As I stated before I do not believe in abortions. I believe that everyone should get a chance at life even a fetus and also I believe that it is selfish for someone to just want to take a child life just because they can. There are always other a person could take instead of getting an abortion. “Spiritual and religious beliefs are deeply personal and should be respected in every setting. However, the spiritual and religious beliefs of the social worker do not take precedence over the needs and self-determination of the client.” (Ely,2012). Social workers should always consult with the NASW Code of Ethics when such dilemmas like abortions comes into play. The ethical responsibility 2.06 is referral for service states that social workers should refer client’s other professionals when the other professionals’ specialized knowledge or expertise is needed to serve clients fully or when social workers believe that they are not being effective. It is always helpful to refer a client to someone that is more experience or know more about the client’s situation than you. Last the ethical responsibility of a social worker 1.02 is self- determination which is being stressed throughout this paper. The client has all rights to make the decisions based on their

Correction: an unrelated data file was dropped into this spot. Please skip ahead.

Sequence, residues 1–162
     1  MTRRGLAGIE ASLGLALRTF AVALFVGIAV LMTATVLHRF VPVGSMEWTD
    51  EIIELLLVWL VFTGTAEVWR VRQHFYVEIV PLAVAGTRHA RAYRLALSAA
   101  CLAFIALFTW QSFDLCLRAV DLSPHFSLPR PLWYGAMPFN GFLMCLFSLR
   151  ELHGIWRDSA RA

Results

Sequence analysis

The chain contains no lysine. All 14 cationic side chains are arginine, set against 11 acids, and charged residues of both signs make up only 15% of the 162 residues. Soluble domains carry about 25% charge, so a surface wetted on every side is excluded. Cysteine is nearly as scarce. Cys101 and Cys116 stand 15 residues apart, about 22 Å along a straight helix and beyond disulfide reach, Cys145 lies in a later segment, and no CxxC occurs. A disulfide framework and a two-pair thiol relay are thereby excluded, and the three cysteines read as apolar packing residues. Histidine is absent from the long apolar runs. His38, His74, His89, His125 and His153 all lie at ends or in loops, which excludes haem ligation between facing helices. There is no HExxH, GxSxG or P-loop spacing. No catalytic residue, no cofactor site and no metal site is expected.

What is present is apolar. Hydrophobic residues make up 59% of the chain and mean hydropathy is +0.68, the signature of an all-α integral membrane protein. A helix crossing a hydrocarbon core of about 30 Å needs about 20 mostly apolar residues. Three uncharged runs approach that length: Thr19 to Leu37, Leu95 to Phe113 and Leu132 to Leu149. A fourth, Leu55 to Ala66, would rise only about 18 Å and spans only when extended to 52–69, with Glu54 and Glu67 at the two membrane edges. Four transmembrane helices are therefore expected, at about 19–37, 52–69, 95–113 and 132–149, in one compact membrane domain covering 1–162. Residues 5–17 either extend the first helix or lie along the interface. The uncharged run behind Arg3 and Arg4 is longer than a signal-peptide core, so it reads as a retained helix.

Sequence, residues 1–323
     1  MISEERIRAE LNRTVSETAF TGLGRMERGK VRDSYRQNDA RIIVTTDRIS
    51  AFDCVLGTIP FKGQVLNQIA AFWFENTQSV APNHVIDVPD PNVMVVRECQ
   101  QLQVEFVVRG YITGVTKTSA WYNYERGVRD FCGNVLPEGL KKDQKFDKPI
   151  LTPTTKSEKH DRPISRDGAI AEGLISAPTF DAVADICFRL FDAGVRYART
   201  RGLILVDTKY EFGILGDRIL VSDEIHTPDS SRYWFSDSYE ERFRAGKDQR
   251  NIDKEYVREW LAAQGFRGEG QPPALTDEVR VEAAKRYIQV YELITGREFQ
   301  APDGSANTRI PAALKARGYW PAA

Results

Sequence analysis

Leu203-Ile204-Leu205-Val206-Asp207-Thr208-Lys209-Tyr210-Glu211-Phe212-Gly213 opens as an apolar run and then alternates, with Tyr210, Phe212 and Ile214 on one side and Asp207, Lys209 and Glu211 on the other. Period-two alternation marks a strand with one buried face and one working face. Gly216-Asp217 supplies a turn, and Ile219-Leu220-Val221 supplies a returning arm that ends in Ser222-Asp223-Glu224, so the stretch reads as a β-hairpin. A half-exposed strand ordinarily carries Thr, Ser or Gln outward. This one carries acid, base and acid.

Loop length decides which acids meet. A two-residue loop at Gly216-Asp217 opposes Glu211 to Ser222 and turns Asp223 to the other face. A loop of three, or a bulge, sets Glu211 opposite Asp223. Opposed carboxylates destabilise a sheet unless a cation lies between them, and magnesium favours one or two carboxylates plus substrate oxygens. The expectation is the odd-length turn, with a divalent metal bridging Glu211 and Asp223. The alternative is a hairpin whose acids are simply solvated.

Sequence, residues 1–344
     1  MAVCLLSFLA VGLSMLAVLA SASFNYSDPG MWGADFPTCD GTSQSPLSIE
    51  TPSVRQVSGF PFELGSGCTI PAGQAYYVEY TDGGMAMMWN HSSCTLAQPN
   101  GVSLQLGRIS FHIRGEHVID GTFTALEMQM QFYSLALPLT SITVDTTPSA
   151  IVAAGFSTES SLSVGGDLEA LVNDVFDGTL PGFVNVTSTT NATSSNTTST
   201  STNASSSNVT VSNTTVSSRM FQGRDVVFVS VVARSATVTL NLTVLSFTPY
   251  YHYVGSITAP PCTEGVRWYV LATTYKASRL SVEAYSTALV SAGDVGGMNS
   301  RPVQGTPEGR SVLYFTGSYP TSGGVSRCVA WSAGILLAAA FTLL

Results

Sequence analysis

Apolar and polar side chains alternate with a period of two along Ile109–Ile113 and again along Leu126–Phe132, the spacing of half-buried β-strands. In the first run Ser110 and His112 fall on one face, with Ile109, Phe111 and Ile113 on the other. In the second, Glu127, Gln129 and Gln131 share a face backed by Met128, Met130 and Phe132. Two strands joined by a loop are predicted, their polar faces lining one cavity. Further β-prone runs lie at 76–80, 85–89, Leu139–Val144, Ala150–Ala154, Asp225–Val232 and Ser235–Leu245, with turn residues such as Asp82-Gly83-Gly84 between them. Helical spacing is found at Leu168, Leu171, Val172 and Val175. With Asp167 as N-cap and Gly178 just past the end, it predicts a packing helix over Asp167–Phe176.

There are different versions of “The Alamo” movie, Wayne’s from 1960 and Hancock’s from 2004, emphasizing different aspects of historical events. Social workers will always emphasize “the victory of San Jacinto”, the concluding military event of the Texas Revolution and The Battle of San Jacinto between the Texan army and Mexican forces was took place on April 21, 1836.